Reputational damage always follows a major cyber crime hack. It was only a matter of time before we saw the real fall out from the recent Sony hacking
offensive, in terms of the damage to personal reputations (and possibly still the business’s reputation). Today is the start, with Amy Pascal feeling she should resign. It has always been my view that Barclays Bank Libor emails cost the bank and its management team more in reputational damage than the actual fine. They slipped out of the top 100 most trusted companies. Had the press not found those damaging emails, they would not have been the focus of such media attention. After all many other banks were in a similar position.
An unprecedented hack as happened to Sony will be forgiven, but not the vitriolic emails which show the company management culture is such disarray.
The moral is of course to think, think and think again before hitting send. Ask yourself. ‘what if a hacker found this email’. If you really cannot manage your impulsive behaviour then the solution is slow email and set a rule to delay sending all your email by a few minutes to allow for cooling off.
How well are you managing to reduce the risk to you and your business becoming the stars of the next email-gate media disaster? Contact us now to hear how we have helped other organisations protect their professional image by more effective email management.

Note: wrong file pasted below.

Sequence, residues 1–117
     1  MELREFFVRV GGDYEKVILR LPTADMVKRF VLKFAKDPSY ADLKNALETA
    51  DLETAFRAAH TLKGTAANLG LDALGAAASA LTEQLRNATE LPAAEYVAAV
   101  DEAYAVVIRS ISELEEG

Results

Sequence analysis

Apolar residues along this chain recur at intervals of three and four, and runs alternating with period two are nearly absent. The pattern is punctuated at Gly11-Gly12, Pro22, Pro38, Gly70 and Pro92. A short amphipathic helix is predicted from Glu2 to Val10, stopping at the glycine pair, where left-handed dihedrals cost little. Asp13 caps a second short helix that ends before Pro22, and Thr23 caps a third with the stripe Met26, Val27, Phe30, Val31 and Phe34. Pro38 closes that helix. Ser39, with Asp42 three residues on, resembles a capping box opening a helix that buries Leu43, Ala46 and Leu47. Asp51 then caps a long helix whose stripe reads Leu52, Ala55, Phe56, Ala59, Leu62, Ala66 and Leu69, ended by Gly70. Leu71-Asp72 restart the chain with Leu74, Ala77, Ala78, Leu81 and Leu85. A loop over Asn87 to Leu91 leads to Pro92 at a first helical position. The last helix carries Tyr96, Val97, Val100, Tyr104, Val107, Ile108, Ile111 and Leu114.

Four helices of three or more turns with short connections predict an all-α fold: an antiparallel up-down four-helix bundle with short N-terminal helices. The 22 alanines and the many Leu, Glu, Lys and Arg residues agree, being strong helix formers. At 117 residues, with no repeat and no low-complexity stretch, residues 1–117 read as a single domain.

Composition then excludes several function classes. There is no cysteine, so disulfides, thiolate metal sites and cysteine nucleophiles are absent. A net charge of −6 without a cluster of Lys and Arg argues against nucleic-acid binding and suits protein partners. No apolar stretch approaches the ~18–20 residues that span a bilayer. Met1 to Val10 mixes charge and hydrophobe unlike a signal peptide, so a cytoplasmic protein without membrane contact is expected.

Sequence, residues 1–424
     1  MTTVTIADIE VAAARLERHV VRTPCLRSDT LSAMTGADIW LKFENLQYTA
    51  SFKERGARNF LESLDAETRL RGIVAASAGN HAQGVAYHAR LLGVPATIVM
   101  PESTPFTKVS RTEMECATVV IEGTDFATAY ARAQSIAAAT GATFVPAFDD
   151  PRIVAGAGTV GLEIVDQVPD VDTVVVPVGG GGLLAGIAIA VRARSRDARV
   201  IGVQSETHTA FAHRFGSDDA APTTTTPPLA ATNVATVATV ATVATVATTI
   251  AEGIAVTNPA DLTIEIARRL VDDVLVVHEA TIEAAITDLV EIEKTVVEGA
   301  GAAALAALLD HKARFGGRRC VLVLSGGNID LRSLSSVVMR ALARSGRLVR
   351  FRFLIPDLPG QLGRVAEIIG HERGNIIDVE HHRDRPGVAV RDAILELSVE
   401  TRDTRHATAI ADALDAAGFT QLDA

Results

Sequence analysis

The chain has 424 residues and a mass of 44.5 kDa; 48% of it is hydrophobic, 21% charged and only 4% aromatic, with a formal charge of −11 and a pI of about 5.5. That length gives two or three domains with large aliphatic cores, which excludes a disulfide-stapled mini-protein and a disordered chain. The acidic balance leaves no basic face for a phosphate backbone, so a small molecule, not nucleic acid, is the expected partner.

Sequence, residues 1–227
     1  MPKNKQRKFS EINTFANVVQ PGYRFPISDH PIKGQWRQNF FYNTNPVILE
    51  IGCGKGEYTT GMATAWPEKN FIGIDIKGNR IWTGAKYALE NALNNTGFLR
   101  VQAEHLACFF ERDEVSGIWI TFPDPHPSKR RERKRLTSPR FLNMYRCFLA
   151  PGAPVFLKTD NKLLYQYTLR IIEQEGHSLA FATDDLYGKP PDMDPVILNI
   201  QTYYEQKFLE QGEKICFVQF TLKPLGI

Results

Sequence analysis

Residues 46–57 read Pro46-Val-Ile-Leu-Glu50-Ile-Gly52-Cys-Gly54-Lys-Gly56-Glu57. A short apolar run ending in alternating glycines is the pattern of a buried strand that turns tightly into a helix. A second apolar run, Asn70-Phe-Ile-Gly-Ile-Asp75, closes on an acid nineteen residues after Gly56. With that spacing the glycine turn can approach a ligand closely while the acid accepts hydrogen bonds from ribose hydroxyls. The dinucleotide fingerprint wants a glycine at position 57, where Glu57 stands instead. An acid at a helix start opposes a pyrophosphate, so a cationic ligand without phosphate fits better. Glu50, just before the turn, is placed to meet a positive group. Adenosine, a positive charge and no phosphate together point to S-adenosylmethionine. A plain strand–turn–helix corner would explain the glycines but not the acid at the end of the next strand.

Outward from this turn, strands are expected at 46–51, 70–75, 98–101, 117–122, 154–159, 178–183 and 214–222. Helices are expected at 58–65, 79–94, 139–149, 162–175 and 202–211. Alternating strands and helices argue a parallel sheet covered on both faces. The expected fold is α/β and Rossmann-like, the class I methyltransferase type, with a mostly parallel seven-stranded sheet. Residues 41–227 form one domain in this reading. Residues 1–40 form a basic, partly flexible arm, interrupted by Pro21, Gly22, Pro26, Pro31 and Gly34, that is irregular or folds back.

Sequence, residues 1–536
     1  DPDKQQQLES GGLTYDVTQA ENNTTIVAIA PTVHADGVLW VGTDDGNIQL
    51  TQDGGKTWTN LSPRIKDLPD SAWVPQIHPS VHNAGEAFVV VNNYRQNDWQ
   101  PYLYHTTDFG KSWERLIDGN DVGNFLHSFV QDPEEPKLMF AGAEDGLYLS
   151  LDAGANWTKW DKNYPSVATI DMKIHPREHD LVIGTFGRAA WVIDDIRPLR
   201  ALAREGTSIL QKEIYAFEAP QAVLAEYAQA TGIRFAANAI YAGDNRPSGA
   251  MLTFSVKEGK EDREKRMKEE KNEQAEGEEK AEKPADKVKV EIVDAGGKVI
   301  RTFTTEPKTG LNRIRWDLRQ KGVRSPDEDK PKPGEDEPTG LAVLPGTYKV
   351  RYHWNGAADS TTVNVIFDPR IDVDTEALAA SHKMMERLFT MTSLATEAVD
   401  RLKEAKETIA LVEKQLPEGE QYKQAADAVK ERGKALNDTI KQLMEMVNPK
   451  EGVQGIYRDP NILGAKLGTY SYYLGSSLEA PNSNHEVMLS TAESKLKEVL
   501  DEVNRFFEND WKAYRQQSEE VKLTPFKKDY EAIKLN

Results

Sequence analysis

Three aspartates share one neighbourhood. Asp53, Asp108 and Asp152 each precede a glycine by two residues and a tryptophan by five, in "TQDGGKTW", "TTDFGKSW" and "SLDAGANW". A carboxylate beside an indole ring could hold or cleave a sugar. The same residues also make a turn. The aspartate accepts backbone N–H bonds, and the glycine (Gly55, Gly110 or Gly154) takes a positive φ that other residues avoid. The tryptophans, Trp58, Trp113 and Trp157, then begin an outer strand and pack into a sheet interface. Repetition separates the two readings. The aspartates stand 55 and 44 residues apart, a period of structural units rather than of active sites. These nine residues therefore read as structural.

What can we learn from the Sony hacking 2014 saga? First and foremost no one is immune from cyber crime, regardless of the technology you put in place. Second is just how nasty, vengeful and determined are today’s hackers. Third, nothing is confidential once committed to email.
It is not just the scale of the attack (possibly costing Sony up to $200M) and the stealing of corporate confidential data which should be ringing alarm bells.
It is all the in-fighting and bickering which the leaked emails disclosed which should be raising the fire alarm in every CEOs ears (regardless of the business’s size and sector).
Why is that email seduces us into committing vituperative words to the archives? We would never put them down on pen and paper and if we did they would most probably be shredded before they were ever sent.
Perhaps one reason is the 24 x 7 x 365 world in which we live and the feeling that we must either respond and say what’s on our mind regardless of what might happen to these words. Equally email does not have the tactile sense of permanency of paper. Although that might change now with such a high profile hacking incident.
What lessons can lesser mortals and smaller businesses learn from such a malicious attack? From the email perspective here are my key learning points.
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